During research for this year’s IEC 61850 Global conference, exhibition and networking forum, we spoke to over 30 smart grid utilities from around the world to find out about the latest challenges and developments in the sector – specifically in terms of IEC 61850 implementation.
Here are 3 key focus areas for global utilities in relation to their IEC 61850 implementations:
Almost every utility we contacted spoke about ongoing efforts to streamline their IEC 61850 engineering process using the top-down design approach.
Where the bottom-up approach commences system integration with lower level components, slowly iterating into a complex system, the top-down approach tackles the big picture from the outset, aiming to design an entire system that meets tight functional, performance and layout requirements while capitalizing on efficiency savings from repeatable subsystems.
This approach delivers a plethora of benefits; the more methodical approach leads to fewer design iterations and having a clear picture of the final outcome early in the process allows designs to be interrogated more rigorously and issues ironed-out before they arise. Most importantly however, the top-down design approach promotes the re-use of system and sub-system designs and once properly instituted, supports a standardized engineering process that primarily involves the mixing and matching of pre-established templates.
However, it’s not without reason that the bottom-up approach has been the favoured method until now. The top-down design front-loads complexity and needs to be properly aligned with existing business processes to deliver maximum benefits. This makes it a daunting task for utilities, who are therefore eager compare notes and hear best-practises and lessons-learnt from successful implementations.
IEC 61850 represents a move away from proprietary protocols to a universal standard, which brings a host of benefits but also a significantly heightened cybersecurity risk. As 61850 is increasingly adopted into business-as-usual, managing the associated cybersecurity risk necessarily becomes a bigger priority.
The IEC have taken this issue into their own hands with the ongoing development of the IEC 62351 standard by TC57 WG15. This aims to provide holistic guidelines to manage cybersecurity risks associated with communication protocols, including 61850. The standard advises a variety of approaches to comprehensively safeguard IEC 61850 systems, including encryption and role-based access control as well as established IT security technology such as VPNs and firewalls.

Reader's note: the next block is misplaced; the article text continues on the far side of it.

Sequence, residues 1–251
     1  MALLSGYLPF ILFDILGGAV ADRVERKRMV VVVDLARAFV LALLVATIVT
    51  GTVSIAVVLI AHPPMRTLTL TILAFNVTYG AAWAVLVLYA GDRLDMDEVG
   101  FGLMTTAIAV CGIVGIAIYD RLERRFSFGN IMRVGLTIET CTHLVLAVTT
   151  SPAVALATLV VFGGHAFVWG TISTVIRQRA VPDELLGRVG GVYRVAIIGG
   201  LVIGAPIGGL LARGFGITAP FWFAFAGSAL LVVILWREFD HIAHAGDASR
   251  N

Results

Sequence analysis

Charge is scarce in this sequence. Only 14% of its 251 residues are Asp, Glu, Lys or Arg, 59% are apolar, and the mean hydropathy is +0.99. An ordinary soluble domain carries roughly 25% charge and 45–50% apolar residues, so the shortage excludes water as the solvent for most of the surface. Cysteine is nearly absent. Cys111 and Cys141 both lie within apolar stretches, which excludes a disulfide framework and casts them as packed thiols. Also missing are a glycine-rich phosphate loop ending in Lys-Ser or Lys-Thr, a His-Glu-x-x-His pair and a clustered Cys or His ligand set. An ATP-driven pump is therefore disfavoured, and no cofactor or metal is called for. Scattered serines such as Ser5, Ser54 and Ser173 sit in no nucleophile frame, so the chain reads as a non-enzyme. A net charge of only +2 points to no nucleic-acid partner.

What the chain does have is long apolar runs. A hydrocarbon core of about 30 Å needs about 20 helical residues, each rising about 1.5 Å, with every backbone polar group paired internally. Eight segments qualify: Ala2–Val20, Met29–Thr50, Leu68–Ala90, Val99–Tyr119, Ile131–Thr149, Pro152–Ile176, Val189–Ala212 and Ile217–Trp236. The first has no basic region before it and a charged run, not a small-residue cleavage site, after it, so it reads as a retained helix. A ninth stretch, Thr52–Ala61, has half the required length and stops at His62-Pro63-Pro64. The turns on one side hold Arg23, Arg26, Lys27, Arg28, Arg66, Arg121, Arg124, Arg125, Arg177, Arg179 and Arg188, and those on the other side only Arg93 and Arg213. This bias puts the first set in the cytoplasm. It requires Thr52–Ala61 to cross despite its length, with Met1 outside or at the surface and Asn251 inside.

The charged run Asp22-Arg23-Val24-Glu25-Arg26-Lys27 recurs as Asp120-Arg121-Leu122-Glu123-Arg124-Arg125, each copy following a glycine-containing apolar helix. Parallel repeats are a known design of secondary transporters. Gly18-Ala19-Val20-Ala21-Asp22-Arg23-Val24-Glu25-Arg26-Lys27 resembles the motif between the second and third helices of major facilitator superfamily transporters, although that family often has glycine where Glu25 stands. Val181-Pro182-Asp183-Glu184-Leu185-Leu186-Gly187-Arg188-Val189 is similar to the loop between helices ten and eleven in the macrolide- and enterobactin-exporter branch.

As both IEC 61850 and 62351 continue to evolve, utilities are keen to stay on top of developments and ensure their systems are secure against the latest threats. As well as work by WG 15 to augment the standard with sections focusing on key management, security architectures and XML file security, there are also a range of vendor solutions, such as intrusion detection and deep-packet inspection systems, that aim to improve cybersecurity of OT systems.
It is clear then, that the best cybersecurity strategy is one that is up-to-date and that provides comprehensive coverage against all kinds of threat vectors. Utilities must therefore find out about the latest developments from industry leaders and ensure that they aren’t leaving themselves open to attacks.
More and more utilities are leveraging the IEC 61850 process bus in order to achieve truly digital substation designs. However, this brings with it a raft of new implementation and interoperability challenges. Firstly, the digitization of mission-critical messages and measurements means that accurate time synchronization and effective redundancy are crucial to the reliability of the system. This introduces complex design choices, as a variety of protocols exist to address these issues and utilities must decide on the best combination of solutions for their requirements.
Secondly, the introduction of digitized sampled measurement values renders conventional instrument transformers, relying on analogues instrumentation methods, not fit-for-purpose in a process bus environment. While merging units can facilitate the real-time conversion of analogue measurements, a new breed of measurement device, known as non-conventional or low-power instrument transformers, are expected to be the long-term solution. This technology is relatively new to utilities, however, who have a lot of questions regarding their performance, accuracy and ability to integrate effectively with other systems. To develop a successful strategy for their implementation, utilities want to hear honest feedback from real trials in a grid environment and better understand the timelines for introduction into business-as-usual.
Despite being more than 15 years old, developments to the IEC 61850 standard are continuing to open up new possibilities and introduce new implementation challenges. The three topics covered in this article were the most spoken about during our research this year, but far from the only ones. This year’s IEC 61850 Global conference, exhibition and networking forum is therefore a must-attend for anyone focused on these issues, and represents the only chance for the entire IEC 61850 community to come onto one page, address these numerous challenges and forge a path to vendor-independent interchangeability. With presentations from world-class utilities who are leading the way on IEC 61850 and a range of opportunities to have impactful discussions with like-minded individuals, this is the smart grid technical event of the year.
Don’t miss your chance to be a part of the conversation, visit https://www.smartgrid-forums.com/forums/iec-61850-global-2019/ to find out more!